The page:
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Preliminary Communication
June 8, 2011

KIT as a Therapeutic Target in Metastatic Melanoma

Author Affiliations

Author Affiliations: Departments of Medicine (Drs Carvajal, Wolchok, Chapman, and Schwartz and Mss Roman, Fusco, and Cane), Pathology (Drs Antonescu, Busam, and Bastian), Radiology (Dr Teitcher), and Epidemiology and Biostatistics (Dr Panageas), and Human Oncology and Pathogenesis Program (Dr Bastian), Memorial Sloan-Kettering Cancer Center, New York, New York; Department of Medicine, University of California Los Angeles Medical Center, Los Angeles (Dr Chmielowski); Department of Medicine, Mount Sinai Medical Center, Miami Beach, Florida (Dr Lutzky); Department of Medicine, New York University Langone Medical Center, New York (Dr Pavlick); Investigational Drug Branch, Cancer Therapy Evaluation Program, Bethesda, Maryland (Dr Takebe); and Departments of Dermatology and Pathology, University of California San Francisco Medical Center, San Francisco (Dr Bastian and Mss Vemula and Bouvier).

JAMA. 2011;305(22):2327-2334. doi:10.1001/jama.2011.746
Abstract

Context Some melanomas arising from acral, mucosal, and chronically sun-damaged sites harbor activating mutations and amplification of the type III transmembrane receptor tyrosine kinase KIT. We explored the effects of KIT inhibition using imatinib mesylate in this molecular subset of disease.

Objective To assess clinical effects of imatinib mesylate in patients with melanoma harboring KIT alterations.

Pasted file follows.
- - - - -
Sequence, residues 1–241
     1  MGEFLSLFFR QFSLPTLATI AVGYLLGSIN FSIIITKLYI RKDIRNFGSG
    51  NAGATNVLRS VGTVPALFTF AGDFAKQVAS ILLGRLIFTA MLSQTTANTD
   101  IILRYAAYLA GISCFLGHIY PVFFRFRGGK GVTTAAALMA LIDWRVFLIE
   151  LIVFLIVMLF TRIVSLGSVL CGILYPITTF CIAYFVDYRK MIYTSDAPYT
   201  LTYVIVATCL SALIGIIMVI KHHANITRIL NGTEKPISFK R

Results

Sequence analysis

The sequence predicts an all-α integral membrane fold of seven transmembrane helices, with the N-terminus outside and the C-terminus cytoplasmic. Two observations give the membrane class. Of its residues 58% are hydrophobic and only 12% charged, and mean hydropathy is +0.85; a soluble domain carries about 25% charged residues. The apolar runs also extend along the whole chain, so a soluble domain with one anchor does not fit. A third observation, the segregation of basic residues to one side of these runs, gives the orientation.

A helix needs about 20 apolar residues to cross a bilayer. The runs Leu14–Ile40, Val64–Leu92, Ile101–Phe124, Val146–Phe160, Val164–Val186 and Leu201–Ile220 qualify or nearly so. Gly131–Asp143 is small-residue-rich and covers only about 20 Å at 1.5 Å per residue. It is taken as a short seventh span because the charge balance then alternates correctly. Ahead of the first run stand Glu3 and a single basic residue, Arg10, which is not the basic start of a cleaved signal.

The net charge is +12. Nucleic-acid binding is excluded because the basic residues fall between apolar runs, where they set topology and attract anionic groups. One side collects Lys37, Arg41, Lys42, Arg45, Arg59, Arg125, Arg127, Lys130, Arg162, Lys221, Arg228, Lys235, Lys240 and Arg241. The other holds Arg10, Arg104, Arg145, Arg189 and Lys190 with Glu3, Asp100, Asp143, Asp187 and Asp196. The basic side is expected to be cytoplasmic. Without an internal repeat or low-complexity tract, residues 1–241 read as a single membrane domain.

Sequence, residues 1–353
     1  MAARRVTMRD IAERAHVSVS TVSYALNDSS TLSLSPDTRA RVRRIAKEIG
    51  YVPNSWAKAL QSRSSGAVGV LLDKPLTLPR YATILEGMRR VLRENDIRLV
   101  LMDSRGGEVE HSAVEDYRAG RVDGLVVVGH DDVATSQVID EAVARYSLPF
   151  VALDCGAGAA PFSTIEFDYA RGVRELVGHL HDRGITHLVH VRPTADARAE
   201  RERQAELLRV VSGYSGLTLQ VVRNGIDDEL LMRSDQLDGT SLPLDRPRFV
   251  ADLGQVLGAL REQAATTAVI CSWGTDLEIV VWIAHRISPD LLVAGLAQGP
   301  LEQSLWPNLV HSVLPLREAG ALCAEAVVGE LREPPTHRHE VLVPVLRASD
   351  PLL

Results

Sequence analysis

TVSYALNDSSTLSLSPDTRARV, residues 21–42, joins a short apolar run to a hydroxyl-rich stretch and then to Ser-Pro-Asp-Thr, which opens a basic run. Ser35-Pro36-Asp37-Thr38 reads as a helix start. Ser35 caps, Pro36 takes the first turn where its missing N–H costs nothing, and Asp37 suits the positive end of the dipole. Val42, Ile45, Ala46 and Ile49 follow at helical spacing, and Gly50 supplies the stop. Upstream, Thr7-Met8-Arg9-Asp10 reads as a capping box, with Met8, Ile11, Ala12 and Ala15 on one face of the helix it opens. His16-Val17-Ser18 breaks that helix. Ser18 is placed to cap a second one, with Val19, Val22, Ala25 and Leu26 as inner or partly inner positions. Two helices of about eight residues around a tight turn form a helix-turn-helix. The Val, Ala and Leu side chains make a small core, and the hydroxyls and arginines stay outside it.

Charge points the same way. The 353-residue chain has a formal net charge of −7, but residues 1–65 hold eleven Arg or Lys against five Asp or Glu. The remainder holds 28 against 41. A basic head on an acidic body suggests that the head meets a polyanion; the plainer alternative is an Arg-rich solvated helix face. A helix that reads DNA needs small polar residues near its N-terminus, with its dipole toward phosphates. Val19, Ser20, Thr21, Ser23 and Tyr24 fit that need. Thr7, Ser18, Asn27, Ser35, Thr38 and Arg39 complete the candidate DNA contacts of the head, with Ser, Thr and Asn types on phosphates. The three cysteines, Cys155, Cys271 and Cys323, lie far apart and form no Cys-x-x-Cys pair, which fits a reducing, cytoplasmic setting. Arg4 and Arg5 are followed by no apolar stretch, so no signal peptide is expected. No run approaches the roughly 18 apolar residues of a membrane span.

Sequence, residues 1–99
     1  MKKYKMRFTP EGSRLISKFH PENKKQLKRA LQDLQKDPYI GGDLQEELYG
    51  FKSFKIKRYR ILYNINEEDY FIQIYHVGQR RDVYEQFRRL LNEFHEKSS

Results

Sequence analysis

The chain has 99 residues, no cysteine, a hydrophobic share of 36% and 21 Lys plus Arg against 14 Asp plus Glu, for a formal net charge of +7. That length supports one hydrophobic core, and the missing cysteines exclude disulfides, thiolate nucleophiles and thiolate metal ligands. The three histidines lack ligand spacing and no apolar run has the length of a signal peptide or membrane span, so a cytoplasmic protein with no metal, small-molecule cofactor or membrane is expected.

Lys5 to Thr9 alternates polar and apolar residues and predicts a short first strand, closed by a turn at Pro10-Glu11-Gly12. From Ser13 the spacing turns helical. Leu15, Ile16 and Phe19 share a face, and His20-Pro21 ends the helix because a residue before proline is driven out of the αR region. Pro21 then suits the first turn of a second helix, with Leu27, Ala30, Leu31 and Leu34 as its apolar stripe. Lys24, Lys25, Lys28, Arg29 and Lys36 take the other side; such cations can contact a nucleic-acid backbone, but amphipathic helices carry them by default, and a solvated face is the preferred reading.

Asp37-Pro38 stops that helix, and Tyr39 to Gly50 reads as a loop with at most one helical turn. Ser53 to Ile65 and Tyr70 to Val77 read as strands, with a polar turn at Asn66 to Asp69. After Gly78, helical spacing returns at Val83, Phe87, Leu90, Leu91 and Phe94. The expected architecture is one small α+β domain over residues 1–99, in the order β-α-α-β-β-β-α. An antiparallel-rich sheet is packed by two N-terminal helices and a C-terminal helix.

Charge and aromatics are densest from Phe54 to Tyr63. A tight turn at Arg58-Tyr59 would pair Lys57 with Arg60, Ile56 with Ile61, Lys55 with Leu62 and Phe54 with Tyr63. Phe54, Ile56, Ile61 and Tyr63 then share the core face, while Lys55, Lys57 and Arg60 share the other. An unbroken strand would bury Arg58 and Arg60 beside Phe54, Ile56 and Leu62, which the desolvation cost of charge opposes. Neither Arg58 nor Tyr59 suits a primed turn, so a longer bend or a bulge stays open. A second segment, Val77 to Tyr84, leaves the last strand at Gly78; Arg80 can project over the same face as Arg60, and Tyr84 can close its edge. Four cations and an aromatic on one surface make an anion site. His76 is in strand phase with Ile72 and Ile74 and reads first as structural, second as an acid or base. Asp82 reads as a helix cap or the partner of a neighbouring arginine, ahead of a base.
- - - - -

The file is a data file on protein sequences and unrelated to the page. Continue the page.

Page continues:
Design, Setting, and Patients A single-group, open-label, phase 2 trial at 1 community and 5 academic oncology centers in the United States of 295 patients with melanoma screened for the presence of KIT mutations and amplification between April 23, 2007, and April 16, 2010. A total of 51 cases with such alterations were identified and 28 of these patients were treated who had advanced unresectable melanoma arising from acral, mucosal, and chronically sun-damaged sites.

Intervention Imatinib mesylate, 400 mg orally twice daily.

Main Outcome Measures Radiographic response, with secondary end points including time to progression, overall survival, and correlation of molecular alterations and clinical response.

Results Two complete responses lasting 94 (ongoing) and 95 weeks, 2 durable partial responses lasting 53 and 89 (ongoing) weeks, and 2 transient partial responses lasting 12 and 18 weeks among the 25 evaluable patients were observed. The overall durable response rate was 16% (95% confidence interval [CI], 2%-30%), with a median time to progression of 12 weeks (interquartile range [IQR], 6-18 weeks; 95% CI, 11-18 weeks), and a median overall survival of 46.3 weeks (IQR, 28 weeks-not achieved; 95% CI, 28 weeks-not achieved). Response rate was better in cases with mutations affecting recurrent hotspots or with a mutant to wild-type allelic ratio of more than 1 (40% vs 0%, P = .05), indicating positive selection for the mutated allele.

Conclusions Among patients with advanced melanoma harboring KIT alterations, treatment with imatinib mesylate results in significant clinical responses in a subset of patients. Responses may be limited to tumors harboring KIT alterations of proven functional relevance.

Trial Registration clinicaltrials.gov Identifier: NCT00470470

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